A few months passed and the results were finally in. I had epilepsy and an irregular heartbeat… or so they said. I was given prescriptions to take daily, but after looking at all of the side effects my husband and I opted for a second opinion. Thankfully we have easy access to Johns Hopkins (and my insurance covers it) so we decided to go to the best. I was able to get in pretty quickly, and see one of the top neurologists in the world. He ran a series of tests, and took his time talking with us. He asked if I had changed anything since going to the neurologist, and the only thing different was that I had stopped taking my birth control pills. We had found that the epileptic medication would negate the pill so we just decided it was time for me to stop.
The doctor said that after comparing my previous tests to the ones he ran that everything looked good. He could see in an older scan what a doctor might have thought was epilepsy, but after comparing it to the new scan it definitely wasn’t. He suggested I continue staying off the pill and not to take any other medications. He said that from what he could tell there was a good possibility my episodes were caused by the pill and low sodium. He recommended that I drink an occasional sports drink which is high in sodium, and let my body go back to its natural state. He suggested that once the pill got out of my system I would probably return to normal.
So I followed his orders and he was right on the money. It took less than two months of being off the pill and drinking an occasional sports drink to bring me back to normal. I had stopped all medication, and was feeling much better. I can’t say for sure the pill was the cause, but I do know that when I stopped the episodes stopped as well.
There are a number of sites to help you cope with infertility. You can find some of them in the “Favorite Pages” section of the Fresh Conceptions’ Facebook Page.
If you prefer reading blogs then I recommend you check out “Stirrup Queen’s List of Blogs“. Here you’ll find a ton of blogs that deal with infertility and adoption. Many thanks to Stirrup Queen for adding Fresh Conceptions to the General Infertility section!
There’s no way to truly describe how frustrating, heartbreaking, and painful dealing with infertility is. I’ve heard people say they understand because it took them six or so months to conceive, but honestly if you haven’t endured going through infertility treatments and tests then I must say you have been blessed.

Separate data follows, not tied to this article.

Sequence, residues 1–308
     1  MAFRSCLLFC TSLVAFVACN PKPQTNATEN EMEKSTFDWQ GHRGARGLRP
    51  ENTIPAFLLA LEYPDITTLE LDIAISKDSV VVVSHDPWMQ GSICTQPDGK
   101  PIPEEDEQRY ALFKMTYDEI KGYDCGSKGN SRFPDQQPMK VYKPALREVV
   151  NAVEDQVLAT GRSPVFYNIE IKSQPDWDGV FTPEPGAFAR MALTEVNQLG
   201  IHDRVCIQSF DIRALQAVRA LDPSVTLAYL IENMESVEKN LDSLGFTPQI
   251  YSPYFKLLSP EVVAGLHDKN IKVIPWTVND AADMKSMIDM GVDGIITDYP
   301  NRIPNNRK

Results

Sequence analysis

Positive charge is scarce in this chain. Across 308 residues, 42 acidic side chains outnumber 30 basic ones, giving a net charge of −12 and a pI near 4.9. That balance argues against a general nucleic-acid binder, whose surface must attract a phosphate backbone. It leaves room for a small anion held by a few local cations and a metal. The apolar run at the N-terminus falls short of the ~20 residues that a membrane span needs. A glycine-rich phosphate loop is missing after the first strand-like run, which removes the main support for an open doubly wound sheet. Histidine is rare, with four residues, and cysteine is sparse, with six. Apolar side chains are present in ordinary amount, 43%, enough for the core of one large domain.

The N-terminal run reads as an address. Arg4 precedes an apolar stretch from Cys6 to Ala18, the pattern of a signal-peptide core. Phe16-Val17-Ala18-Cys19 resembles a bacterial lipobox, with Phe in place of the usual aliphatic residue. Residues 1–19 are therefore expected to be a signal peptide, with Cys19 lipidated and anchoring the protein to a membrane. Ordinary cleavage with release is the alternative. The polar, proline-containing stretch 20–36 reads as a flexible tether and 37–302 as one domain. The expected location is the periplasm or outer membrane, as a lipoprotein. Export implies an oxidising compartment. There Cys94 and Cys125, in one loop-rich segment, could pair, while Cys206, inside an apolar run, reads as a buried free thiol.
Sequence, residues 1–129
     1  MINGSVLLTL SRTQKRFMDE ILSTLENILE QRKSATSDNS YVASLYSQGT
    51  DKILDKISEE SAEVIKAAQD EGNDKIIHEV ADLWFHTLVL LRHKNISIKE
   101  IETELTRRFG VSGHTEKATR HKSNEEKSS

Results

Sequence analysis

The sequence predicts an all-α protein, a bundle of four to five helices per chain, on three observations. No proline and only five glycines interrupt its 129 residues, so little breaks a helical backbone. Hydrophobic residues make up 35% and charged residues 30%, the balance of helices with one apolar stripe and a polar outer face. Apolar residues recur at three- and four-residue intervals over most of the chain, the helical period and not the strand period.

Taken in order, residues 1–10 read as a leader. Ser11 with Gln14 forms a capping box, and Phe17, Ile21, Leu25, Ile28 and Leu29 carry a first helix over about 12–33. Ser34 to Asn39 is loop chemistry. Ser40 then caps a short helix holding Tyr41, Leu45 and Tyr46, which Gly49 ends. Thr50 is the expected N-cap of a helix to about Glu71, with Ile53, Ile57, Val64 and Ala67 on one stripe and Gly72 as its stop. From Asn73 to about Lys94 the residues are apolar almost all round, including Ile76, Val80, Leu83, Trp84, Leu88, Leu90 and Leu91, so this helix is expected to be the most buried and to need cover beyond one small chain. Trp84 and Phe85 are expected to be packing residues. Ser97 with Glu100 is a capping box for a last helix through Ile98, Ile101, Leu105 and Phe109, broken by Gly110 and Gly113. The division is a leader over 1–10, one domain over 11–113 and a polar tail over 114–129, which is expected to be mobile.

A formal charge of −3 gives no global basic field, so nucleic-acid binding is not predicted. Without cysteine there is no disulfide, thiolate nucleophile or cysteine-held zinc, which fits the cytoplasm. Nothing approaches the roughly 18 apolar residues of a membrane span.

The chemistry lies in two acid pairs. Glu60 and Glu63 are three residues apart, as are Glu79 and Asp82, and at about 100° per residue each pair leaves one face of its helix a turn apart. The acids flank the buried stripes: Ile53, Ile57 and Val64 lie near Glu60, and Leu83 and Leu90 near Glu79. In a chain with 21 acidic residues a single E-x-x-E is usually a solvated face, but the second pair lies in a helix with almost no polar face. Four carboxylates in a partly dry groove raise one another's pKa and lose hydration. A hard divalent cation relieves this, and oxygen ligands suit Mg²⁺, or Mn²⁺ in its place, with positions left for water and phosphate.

A friend of mine just found out this wouldn’t be her month, and my heart truly just breaks for her. I wish there was something I could say to change things, but I’ve been in her shoes and I know that there’s not. When you’re trying to get pregnant it feels like the world is against you. You dread going on sites like Facebook and Twitter because you just know there will be a new pregnancy or birth announcement. It seems like no one has a care in the world, and the only dark cloud is hovering over your head. You find yourself becoming bitter at someone for being blessed with a child because they have exactly what you want. You see your friends complaining because they can’t drink or don’t feel well, but yet they get to have a baby growing inside them. You begin counting how many of your friends have become pregnant, how many pregnant bellies are in the store or even walk by during lunch. And the more you put yourself through all of this the harder it all becomes.
I know because these are all things that I am guilty of. My time trying to conceive has lasted longer than a friend’s marriage. I’ve had other friends get married, get pregnant, and have their baby all while I continued to wait. I’ve had multiple friends be surprised with a pregnancy, and now one of them is pregnant again…this time with twins. And I know it can all be very overwhelming.
For a while I just wanted it to end. I wondered what I did to deserve all of the pain. I dug up all of the skeletons in my closet, repented of all my sin, and requested forgiveness of a friend. I changed my diet, took medications orally, inserted medications where the sun doesn’t shine, injected my stomach and butt with medications, endured daily doctor visits and literally stood on my head. I did everything I could think of, but nothing worked. Time would pass, and each month there would be another negative. I wondered why. What was the purpose of the pain? The wonderment turned to frustration. The frustration turned to bitterness and the bitterness turned to anger. I wondered why God would give me such a strong desire if He had no plan to fulfill that very desire.
But the truth is now, being through it all, I think I actually know. Of course I don’t know His ultimate purpose in it all or how things will end, but that’s ok. I know now that He has always been with me, and through everything He was using my desire to mold me for the better. I’ve learned to cling to God in ways I’ve never held on to Him before. He’s seen me through my darkest hours, my brightest days and has continued to be by my side. I may not have felt it, but He has always been right there…fighting for me.
You see, through it all He just wanted me. As much as I longed for a child, He longed for me more. He wanted to pull me out of the trenches, but I refuse to relinquish control. It literally took my body shutting down before I realized what I was doing. I was trying to control it all rather than just trusting in Him. I’ve learned that I can make everything line up perfectly, but if it’s not what He wants for me at that very moment then there is nothing I can do. It’s not my fault that I can’t get pregnant; it’s just that I need to trust in His plan more than my own. Through infertility He grew my faith. He showed me that faith is not always knowing why something happens or how something works, but it is trusting that He has a greater plan for my life, and knowing that I just need to let go. I’ve learned that it is only by letting go that I am able to find peace, and that no matter what lies ahead, He will walk me through it, but I must continue to keep trusting in Him.